When you look at all these, notice the circled areas. The circles represent where the entry points are for these patterns. The big question is this, what do they all have in common? Notice they all have you buying AFTER a big rally in price and selling AFTER a big decline in price! In my world and any one I knew that made money trading, we did exactly the opposite and still do today. To me, all the information in the book was a recipe for losses, not gains. Why in the world would you wait for price to rally that much before buying or wait for such a big decline (or any decline at all) before selling? This made absolutely no sense to me. I was conditioned to do the opposite from my experience in real world trading and investing.

During the years that followed, I really began to understand why most active retail traders lose money and why most long term investors never achieve their financial goals. It’s because they are taught completely backwards. In fact, everything in this book had you buying after a rally in price and selling after a decline in price. You would never take that novice action when buying and selling anything else in life and profit and the financial markets are no different. Do you think Goldman Sachs sits around looking for Head and Shoulder patterns? Do you think they make their billions in profits waiting for price to rally and form a Cup and Handle before buying? They laugh at the trading books just like we did on the trading floor.

Let’s take a look at two trades I took last week in our program to illustrate the point and so you can learn from it if you so choose. The yellow boxes represent supply levels (retail prices) where financial institutions are selling and have plenty of unfilled sell orders, our strategy rules tell us so. The circles represent the short entries where I sold to retail traders who were buying. Our rule based strategy also told us significant demand was not until much lower which offered a nice profit zone and risk/reward.

Nasdaq and Gold Income Trades, 8/12/14. Total Profit for day: $4,685.00


Had I added any indicators to this trading opportunity, none would have been giving sell signals at supply. When price reached supply for the short entry, every moving average is still pointing up and so on. None are giving sell signals at all. Once prices turn lower all the indicators begin giving sell signals but for me, that’s way too late to start selling as the risk is much higher and reward is reduced.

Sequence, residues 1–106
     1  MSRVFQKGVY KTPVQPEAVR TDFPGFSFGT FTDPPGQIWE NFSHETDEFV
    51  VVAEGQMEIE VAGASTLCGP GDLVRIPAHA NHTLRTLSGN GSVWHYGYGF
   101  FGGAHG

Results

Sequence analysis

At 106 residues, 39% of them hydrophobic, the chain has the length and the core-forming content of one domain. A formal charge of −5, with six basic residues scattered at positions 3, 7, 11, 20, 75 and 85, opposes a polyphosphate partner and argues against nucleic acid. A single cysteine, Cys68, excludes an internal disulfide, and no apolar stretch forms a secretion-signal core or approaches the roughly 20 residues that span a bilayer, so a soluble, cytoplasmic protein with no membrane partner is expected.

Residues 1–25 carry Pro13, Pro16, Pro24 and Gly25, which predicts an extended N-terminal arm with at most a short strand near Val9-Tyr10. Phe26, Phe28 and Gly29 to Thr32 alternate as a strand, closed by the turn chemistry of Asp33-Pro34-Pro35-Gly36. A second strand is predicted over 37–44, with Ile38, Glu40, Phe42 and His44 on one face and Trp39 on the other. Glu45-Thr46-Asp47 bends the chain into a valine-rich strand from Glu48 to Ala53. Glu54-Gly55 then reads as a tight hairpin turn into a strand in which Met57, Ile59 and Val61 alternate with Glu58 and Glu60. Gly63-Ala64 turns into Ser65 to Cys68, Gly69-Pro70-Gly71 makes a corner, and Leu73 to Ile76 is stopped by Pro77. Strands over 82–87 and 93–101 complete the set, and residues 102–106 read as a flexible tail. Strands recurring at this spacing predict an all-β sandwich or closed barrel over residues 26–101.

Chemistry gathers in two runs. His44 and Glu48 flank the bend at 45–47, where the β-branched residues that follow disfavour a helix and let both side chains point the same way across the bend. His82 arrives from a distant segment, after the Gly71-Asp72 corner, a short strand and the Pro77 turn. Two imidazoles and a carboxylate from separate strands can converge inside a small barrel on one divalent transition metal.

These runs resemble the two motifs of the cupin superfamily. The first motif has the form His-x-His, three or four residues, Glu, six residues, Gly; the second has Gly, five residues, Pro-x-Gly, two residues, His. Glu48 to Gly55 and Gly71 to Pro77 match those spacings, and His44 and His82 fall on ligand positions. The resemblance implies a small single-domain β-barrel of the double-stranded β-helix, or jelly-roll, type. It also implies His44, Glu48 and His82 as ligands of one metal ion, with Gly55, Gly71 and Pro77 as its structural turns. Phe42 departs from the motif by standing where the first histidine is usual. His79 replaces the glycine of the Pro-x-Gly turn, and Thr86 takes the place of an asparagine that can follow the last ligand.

The key is to both think like a bank and institution and act like one when trading and investing. To make an already long story short, I don’t use indicators and oscillators in my trading and we don’t focus on them at Online Trading Academy. They lag price which means that if we add anything to our decision making process that lags price, we are only increasing risk and decreasing profit margin.

Hope this was helpful. Have a great day.

Sam Seiden –

This newsletter is written for educational purposes only. By no means do any of its contents recommend, advocate or urge the buying, selling or holding of any financial instrument whatsoever. Trading and Investing involves high levels of risk. The author expresses personal opinions and will not assume any responsibility whatsoever for the actions of the reader. The author may or may not have positions in Financial Instruments discussed in this newsletter. Future results can be dramatically different from the opinions expressed herein. Past performance does not guarantee future results. Reprints allowed for private reading only, for all else, please obtain permission.